Jessica Pan’s research examines gender differences in economic and educational outcomes, with a focus on under-explored determinants such as gender norms, social interactions, taste discrimination, behavioral traits, work flexibility, and social influences.
Jessica Pan is an Associate Professor of Economics at the National University of Singapore and a Research Fellow at the Institute of Labor Economics (IZA). Jessica is an applied micro-economist, with research interests in labor economics, gender, immigration, and education. Her current projects examine gender differences in labor market and educational outcomes, focusing on under-explored determinants such as gender norms, culture, taste discrimination, as well as gender differences in behavioral traits (such as the willingness to negotiate, risk aversion, and response to competitive pressure). Her doctoral research examining the role of social interactions and tipping points in understanding the dynamics of gender segregation in occupations, was awarded the 2014-2015 H. Gregg Lewis Prize for best paper published in the Journal of Labor Economics.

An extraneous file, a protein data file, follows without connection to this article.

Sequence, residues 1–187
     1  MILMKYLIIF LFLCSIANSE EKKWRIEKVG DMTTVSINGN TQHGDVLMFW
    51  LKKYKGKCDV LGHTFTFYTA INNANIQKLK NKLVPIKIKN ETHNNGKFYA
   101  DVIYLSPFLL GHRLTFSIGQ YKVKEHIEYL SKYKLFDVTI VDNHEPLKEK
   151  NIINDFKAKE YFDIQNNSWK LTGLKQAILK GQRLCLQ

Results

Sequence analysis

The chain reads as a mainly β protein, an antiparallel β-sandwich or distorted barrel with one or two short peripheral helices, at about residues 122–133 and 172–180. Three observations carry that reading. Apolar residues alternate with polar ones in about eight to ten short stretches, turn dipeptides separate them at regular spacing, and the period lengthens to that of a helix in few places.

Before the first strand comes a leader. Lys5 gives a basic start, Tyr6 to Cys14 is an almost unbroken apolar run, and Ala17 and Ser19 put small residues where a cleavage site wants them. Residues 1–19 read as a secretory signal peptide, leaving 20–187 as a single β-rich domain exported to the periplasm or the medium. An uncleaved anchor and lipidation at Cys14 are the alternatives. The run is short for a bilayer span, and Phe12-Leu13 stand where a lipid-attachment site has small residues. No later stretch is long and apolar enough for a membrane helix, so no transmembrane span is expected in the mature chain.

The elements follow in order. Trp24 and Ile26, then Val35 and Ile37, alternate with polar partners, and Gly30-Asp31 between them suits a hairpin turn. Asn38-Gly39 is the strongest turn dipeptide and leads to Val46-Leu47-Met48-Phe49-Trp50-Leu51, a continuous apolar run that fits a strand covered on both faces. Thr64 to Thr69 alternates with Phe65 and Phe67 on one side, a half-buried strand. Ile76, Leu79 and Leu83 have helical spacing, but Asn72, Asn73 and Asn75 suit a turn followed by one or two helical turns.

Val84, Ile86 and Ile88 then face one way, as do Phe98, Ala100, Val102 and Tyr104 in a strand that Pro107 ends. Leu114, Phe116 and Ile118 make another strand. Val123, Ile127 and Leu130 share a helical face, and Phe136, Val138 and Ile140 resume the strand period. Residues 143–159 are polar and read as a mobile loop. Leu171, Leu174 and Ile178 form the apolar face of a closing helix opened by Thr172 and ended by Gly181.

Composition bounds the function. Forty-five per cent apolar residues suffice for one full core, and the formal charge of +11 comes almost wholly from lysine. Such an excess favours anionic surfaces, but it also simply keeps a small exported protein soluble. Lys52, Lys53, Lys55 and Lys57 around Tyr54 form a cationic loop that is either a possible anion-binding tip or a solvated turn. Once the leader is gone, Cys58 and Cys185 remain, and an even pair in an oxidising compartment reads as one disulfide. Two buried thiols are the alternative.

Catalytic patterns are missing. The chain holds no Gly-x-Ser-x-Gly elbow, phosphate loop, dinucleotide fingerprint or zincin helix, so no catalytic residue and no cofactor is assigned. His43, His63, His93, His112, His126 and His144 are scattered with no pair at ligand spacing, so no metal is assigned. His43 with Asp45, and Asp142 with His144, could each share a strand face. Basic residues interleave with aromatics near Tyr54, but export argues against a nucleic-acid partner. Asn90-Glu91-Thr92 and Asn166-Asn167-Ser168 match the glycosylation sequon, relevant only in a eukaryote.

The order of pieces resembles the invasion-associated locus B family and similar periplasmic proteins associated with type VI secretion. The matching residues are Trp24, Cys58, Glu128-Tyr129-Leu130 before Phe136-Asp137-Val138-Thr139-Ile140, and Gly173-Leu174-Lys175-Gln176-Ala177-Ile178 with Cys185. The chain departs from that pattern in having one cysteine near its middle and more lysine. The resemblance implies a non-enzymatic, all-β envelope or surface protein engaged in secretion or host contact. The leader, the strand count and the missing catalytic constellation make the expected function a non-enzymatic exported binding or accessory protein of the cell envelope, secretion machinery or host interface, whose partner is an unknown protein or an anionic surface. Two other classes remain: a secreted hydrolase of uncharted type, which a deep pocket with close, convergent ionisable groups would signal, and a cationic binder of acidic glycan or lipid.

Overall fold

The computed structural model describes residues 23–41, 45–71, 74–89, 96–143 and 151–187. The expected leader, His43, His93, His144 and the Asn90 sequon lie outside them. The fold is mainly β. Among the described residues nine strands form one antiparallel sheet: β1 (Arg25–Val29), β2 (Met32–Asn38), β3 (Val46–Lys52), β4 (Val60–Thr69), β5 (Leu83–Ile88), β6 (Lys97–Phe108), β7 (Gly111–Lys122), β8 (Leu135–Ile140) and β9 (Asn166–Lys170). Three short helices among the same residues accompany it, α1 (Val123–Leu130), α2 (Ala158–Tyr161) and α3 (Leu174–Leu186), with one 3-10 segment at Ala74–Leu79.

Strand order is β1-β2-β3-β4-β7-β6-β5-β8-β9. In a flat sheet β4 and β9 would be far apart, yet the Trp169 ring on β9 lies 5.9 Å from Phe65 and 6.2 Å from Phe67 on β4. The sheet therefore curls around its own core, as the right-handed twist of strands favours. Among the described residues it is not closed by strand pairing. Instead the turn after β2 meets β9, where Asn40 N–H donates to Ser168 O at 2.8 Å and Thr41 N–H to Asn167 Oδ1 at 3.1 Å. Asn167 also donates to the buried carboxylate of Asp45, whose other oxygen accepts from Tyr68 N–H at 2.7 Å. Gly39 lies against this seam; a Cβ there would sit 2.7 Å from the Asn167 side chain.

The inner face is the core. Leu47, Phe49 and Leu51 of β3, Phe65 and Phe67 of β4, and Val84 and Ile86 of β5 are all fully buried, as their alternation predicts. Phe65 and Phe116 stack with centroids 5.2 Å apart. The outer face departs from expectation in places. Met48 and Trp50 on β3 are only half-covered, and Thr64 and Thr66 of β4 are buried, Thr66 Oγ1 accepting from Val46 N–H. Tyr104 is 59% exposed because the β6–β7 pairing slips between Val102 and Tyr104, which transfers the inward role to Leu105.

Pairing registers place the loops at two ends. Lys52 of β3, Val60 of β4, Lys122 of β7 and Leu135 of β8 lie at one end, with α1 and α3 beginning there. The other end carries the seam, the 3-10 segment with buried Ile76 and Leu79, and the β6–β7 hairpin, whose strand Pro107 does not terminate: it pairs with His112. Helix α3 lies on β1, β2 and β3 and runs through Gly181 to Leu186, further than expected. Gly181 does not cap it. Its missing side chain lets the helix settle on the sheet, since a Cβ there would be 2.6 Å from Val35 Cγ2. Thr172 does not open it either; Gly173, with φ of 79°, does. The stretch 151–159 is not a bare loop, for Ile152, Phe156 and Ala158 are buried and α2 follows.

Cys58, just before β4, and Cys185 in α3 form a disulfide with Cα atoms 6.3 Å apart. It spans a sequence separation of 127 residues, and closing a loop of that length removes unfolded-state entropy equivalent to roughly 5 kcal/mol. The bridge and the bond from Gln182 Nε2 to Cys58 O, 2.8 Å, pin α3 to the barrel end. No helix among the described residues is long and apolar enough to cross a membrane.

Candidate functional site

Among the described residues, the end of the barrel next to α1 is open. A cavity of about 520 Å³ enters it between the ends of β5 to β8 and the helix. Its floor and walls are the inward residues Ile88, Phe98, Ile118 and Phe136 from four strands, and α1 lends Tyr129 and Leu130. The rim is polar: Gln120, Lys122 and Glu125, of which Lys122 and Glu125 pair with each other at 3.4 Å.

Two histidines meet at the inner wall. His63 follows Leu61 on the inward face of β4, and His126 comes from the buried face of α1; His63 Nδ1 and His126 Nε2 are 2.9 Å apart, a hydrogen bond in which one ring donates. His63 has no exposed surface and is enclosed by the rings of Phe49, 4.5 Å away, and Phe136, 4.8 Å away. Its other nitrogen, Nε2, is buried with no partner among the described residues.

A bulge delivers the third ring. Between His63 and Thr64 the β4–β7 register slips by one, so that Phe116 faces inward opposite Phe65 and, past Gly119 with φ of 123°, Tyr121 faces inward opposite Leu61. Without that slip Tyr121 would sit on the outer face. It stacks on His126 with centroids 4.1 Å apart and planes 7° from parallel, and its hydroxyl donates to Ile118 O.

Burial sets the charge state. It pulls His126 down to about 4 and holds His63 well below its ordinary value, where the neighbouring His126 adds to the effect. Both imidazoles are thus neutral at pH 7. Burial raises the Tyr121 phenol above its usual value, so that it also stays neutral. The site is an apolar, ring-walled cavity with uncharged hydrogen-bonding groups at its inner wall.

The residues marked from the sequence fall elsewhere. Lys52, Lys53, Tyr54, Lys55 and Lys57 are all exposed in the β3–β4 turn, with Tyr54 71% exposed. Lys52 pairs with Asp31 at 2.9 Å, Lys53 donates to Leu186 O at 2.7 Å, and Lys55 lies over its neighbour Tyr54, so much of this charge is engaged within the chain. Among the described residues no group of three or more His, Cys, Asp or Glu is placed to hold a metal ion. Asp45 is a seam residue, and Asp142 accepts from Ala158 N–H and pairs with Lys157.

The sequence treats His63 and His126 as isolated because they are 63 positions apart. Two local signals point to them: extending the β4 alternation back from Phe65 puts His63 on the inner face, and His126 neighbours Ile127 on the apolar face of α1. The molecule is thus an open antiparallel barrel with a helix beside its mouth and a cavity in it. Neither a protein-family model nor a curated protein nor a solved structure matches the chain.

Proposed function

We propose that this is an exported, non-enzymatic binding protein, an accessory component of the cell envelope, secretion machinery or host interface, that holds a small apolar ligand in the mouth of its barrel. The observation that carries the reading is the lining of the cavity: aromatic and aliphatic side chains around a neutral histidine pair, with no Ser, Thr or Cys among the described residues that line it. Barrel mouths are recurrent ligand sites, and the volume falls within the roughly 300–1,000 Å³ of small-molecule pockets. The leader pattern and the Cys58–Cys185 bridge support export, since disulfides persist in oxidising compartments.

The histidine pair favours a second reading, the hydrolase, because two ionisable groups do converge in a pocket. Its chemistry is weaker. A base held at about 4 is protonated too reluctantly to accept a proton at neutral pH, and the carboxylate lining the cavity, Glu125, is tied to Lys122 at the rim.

As a WAPPP Fellow, Jessica will continue to develop her research on understanding gender differences in negotiation and job search behavior among undergraduate business majors. She received a Bachelor’s in Economics from the University of Chicago, followed by an MBA and Ph.D. from the University of Chicago, Booth School of Business.
Gender differences in economic and educational outcomes